Gymnasts lined up before Martha Karolyi (in the white jacket) after their morning workout at the Karolyi Ranch in January 2011.

Karolyi Ranch produced champions and a culture of fear, ex-gymnasts say

Updated 1:47 PM ET, Fri February 2, 2018

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Story highlights

  • A US champion said she self-inflicted a head injury to avoid going to Karolyi Ranch
  • The Karolyis have not returned calls for comment

(CNN)Tucked away in the boondocks of southeast Texas hid the mecca of American women's gymnastics -- a training camp so revered and remote, years of abuse festered unabated, ex-gymnasts say.

But they're not just talking about molestation at the hands of Larry Nassar. They say Bela and Martha Karolyi, the famed owners of Karolyi Ranch, inflicted verbal and emotional abuse that fostered a culture of fear.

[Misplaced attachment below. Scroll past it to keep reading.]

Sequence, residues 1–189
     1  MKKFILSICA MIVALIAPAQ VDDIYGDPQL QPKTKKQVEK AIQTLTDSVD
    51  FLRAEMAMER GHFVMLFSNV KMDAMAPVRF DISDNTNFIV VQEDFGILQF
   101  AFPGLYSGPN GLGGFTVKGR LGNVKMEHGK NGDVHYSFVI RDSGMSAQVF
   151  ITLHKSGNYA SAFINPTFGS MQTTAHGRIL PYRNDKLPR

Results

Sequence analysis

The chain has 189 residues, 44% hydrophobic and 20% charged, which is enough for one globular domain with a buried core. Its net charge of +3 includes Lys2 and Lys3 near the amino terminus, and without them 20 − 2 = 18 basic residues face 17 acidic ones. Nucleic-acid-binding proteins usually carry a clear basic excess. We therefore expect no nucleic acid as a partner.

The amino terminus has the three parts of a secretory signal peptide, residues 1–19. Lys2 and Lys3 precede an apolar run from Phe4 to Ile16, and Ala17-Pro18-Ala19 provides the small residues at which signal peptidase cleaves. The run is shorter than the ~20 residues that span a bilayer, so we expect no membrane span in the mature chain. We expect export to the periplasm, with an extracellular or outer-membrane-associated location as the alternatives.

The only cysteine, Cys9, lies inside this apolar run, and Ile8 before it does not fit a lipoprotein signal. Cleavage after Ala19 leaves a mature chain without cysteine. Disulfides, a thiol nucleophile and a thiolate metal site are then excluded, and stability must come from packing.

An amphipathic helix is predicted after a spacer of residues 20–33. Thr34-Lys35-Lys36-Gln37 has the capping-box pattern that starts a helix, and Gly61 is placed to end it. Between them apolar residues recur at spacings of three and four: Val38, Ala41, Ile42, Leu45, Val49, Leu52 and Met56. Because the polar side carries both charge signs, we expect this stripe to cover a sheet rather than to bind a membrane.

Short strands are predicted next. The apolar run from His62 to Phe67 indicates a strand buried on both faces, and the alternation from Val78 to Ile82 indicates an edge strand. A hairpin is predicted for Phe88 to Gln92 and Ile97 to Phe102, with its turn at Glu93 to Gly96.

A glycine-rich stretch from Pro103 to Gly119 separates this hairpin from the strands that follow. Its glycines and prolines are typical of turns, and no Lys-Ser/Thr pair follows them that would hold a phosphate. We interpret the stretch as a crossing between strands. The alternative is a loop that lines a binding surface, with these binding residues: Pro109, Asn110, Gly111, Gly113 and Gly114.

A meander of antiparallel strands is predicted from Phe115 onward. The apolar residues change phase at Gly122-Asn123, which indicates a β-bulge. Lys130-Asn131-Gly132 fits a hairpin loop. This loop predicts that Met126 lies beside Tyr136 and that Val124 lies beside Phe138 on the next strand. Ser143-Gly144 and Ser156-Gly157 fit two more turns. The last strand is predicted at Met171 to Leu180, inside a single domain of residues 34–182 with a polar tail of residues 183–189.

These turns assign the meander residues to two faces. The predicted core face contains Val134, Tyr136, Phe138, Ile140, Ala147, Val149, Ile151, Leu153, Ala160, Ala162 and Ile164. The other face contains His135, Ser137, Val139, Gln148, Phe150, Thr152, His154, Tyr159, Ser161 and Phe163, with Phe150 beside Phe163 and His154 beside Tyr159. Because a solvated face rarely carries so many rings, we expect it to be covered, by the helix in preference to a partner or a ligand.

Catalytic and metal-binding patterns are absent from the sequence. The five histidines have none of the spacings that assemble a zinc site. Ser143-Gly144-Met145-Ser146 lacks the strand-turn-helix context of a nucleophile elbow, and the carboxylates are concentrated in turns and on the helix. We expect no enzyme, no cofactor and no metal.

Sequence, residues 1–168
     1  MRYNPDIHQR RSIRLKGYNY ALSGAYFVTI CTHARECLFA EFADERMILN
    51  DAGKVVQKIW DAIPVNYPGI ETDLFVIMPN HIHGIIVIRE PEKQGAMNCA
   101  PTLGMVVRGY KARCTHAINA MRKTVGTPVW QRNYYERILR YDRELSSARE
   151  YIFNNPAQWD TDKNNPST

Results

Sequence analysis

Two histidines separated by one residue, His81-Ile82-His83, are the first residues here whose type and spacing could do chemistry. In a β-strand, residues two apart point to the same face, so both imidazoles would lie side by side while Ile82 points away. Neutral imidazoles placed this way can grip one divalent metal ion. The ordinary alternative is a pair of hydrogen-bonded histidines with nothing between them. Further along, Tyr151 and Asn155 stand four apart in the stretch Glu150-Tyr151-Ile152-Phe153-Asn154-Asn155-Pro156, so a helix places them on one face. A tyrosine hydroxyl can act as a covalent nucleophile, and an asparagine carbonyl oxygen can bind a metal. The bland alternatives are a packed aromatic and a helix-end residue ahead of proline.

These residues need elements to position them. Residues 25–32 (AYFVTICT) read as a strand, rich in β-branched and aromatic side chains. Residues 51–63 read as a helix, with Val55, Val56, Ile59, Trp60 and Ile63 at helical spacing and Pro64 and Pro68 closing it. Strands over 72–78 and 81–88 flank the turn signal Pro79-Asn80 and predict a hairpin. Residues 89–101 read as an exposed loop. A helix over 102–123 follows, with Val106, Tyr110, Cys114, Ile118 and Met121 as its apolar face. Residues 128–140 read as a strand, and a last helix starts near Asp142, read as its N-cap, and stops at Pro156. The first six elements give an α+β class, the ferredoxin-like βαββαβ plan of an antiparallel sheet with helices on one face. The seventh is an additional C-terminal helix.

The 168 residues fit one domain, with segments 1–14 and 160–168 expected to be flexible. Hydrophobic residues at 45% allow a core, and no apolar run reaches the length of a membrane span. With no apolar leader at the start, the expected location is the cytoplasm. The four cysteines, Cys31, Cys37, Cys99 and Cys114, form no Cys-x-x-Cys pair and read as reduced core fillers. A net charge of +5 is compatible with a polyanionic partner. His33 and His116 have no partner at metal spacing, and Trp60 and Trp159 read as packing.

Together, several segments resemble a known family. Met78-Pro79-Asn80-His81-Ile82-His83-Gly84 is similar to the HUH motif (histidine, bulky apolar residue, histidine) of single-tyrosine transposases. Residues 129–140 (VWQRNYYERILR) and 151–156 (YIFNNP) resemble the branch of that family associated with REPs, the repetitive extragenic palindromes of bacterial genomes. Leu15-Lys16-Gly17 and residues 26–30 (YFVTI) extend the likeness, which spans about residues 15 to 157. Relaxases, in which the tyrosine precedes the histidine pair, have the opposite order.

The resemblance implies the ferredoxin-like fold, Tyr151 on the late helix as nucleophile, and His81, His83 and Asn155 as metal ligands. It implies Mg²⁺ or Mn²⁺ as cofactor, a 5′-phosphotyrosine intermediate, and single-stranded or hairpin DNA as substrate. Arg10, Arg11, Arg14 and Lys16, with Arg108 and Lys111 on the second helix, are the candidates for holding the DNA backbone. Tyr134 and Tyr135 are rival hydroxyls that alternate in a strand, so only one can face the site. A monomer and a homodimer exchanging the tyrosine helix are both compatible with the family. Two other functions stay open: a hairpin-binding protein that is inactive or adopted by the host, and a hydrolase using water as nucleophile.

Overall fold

"There is an eerie feeling as soon as you step foot onto the Karolyi Ranch. It is completely removed from all civilization," former gymnast Mattie Larson said.
Athletes walk across Karolyi Ranch in 2011. Elite gymnasts from across the country came to train at the ranch.
"In the case of an emergency, the closest hospital is so far away, you'd need to be helicoptered there. To get to the ranch, you must drive up a dirt road for what seems like an eternity. ... On top of that, there is no cell service. It's completely isolated, and that's no mistake. That is how the Karolyis wanted it."
For decades, top female gymnasts endured the rigors of Karolyi Ranch -- a sprawling 2,000-acre compound set in a national forest. It was the US Women's National Team Training Center and a US Olympic Training Site, where important opinions on gymnasts' fate took shape under the watchful eye of Martha Karolyi.